UN climate summit COP21 has concluded with what many have hailed as a 'historic' deal. 195 countries signed up to a legally binding agreement to limit the global temperature rise to two degrees (with a 1.5 degree benchmark), to phase out greenhouse gas emissions in the second half of this century and to an increased commitment to climate finance.
MEPs were quick to praise the Paris protocol, with EPP group Vice-Chair Françoise Grossetête calling it, "a very important milestone in alleviating the negative consequences of climate change. There has been excellent mobilisation around the world for a common cause and we have finally acted together."
However, she added that, "the work doesn't stop here. This agreement has to be followed up by concrete measures and we have to see to it that they are applied. I recall that Europe already has high standards for its industries, so we have to be careful on the question of carbon leakage and keep in mind that common standards have to be applied everywhere."
S&D group environment spokesperson Matthias Groote was more cautious in his reaction, commenting that; "The more ambitious the target, the better. In the EU, we have the necessary tools for this ambition. But what is most important is to provide the tools and the finances to make this goal achievable."
"We also need action to limit the emissions of international aviation and shipping, which are not covered by the intended nationally determined contributions (INDCs). We cannot afford to give a free ride to these sectors."
Liberal group leader Guy Verhofstadt was ecstatic, saying the deal, "should be warmly welcomed. Our focus must now be on implementation; the clock is ticking to keep global warming below two degrees. We should all be proud of the important role played by the EU and its institutions. This agreement shows what European countries can deliver when they unite and speak with one voice."
The Greens were also pleased. Yannick Jadot, the group's climate change spokesperson, believed that it would, "begin a new international regime of cooperation on climate change and point the direction for the transformation of economies around the world."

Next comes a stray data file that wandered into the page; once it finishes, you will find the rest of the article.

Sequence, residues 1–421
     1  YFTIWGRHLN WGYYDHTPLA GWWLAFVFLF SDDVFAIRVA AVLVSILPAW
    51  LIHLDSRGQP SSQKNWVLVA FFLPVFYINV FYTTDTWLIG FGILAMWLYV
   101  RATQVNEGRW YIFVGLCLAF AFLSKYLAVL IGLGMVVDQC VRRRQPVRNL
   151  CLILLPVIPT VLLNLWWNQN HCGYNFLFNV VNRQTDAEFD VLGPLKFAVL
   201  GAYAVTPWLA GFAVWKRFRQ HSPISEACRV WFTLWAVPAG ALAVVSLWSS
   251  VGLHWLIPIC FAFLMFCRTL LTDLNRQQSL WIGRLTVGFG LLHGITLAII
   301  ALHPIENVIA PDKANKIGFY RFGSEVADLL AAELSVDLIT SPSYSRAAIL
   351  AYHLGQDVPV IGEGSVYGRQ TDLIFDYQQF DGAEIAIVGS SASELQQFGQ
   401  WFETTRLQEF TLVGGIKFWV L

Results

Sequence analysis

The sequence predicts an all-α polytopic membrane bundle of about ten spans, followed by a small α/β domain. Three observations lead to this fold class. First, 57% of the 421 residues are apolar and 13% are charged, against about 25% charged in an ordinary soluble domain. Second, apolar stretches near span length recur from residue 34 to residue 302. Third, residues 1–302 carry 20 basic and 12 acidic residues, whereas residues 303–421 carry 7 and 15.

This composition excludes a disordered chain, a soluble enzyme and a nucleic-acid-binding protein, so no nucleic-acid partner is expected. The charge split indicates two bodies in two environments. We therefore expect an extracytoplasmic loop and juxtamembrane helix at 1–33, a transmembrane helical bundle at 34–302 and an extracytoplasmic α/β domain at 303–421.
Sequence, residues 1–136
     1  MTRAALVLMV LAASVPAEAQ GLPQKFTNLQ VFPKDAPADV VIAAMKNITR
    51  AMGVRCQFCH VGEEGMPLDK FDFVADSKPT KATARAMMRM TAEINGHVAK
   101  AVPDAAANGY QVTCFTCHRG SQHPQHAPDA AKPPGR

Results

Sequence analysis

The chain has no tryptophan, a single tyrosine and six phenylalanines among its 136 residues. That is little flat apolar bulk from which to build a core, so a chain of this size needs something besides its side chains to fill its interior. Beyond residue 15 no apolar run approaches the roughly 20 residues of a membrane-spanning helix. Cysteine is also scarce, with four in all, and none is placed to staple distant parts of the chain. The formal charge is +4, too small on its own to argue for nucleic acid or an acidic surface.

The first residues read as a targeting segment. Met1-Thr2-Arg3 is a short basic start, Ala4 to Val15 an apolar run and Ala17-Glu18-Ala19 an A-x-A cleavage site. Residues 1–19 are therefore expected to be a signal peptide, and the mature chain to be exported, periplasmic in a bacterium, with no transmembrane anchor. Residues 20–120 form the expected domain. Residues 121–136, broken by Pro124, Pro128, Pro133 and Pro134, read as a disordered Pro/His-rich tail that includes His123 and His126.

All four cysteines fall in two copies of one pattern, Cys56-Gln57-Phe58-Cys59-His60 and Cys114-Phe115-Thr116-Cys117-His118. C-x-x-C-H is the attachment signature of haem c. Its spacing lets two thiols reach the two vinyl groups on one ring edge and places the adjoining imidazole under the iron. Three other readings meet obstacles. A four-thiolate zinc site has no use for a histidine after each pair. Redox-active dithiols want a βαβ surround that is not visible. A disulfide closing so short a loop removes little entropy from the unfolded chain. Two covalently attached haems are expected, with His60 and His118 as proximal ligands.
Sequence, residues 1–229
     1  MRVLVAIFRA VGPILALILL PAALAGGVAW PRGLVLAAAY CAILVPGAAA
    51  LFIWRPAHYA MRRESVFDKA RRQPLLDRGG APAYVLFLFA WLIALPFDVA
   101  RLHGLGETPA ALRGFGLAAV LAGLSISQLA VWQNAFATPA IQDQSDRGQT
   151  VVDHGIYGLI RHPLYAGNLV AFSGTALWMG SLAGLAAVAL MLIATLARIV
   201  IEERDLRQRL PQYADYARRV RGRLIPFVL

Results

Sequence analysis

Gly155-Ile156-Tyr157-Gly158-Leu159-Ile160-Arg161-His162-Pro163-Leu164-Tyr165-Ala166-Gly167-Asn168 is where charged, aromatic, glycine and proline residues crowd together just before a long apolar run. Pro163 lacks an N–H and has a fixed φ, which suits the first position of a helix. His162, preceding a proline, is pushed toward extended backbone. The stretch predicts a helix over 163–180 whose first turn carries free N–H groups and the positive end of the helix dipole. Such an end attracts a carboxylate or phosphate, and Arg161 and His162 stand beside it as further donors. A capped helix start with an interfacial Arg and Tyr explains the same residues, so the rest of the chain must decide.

"The commitment to limit the increase in global temperature to well below two degrees and pursue a 1.5 degree limit is a breakthrough; it de facto implies the end of the fossil fuel based economy."
Nevertheless, he warned that: "The tools in the agreement are not sufficient to guarantee the achievement of this temperature goal; we remain on track for an increase of three degrees. However, the commitment to regularly and scientifically review countries' efforts provides an opportunity to close this gap."
"Civil society, local authorities and climate-friendly business will have a major role to play in forcing national governments to significantly increase their level of ambition and make the new Paris regime truly binding."
Unfortunately, not everyone viewed the deal as a climate victory. GUE/NGL group deputy Anne-Marie Mineur argued that; "The measures that have been agreed upon leave too much scope for interpretation and back-stalling. In particular, the mention of the long-term 'net zero emissions’ goal leaves room for a 'business as usual' scenario, where the dirty energy industry still has the possibility to keep using fossil fuels, just as the European Commission wanted."
"What we fear most are the options open to big business to keep on going as before. They are not obliged to stop polluting, they simply have to compensate. If not regulated properly, this can lead to more human rights abuses," she warned.
Climate change campaigners also had mixed reactions to the agreement. Greenpeace international executive director Kumi Naidoo said; "The human race has joined in a common cause, but it's what happens after this conference that really matters."
"The Paris agreement is only one stop on a long road and there are parts of it that frustrate and disappoint me. However, it is progress. This deal alone won't dig us out of the hole we're in, but it makes the sides less steep."
Naidoo also emphasised; "This is not a moment for triumphalism, given the lives that have been lost already as a result of climate impacts and the lives that are on the precipice as temperatures rise. This is a time for urgent action. The climate clock is ticking and the window of opportunity is closing fast."
Meanwhile, Sonja Meister, climate justice and energy campaigner for Friends of the Earth Europe, was even less impressed. She said: "The list is long why the Paris deal falls short of what is needed to effectively combat climate change and protect vulnerable and poor people across the world. It is a deal in favour of polluters, which lets rich countries escape their responsibility. The agreement leaves us on track for three degrees of warming and a planetary emergency."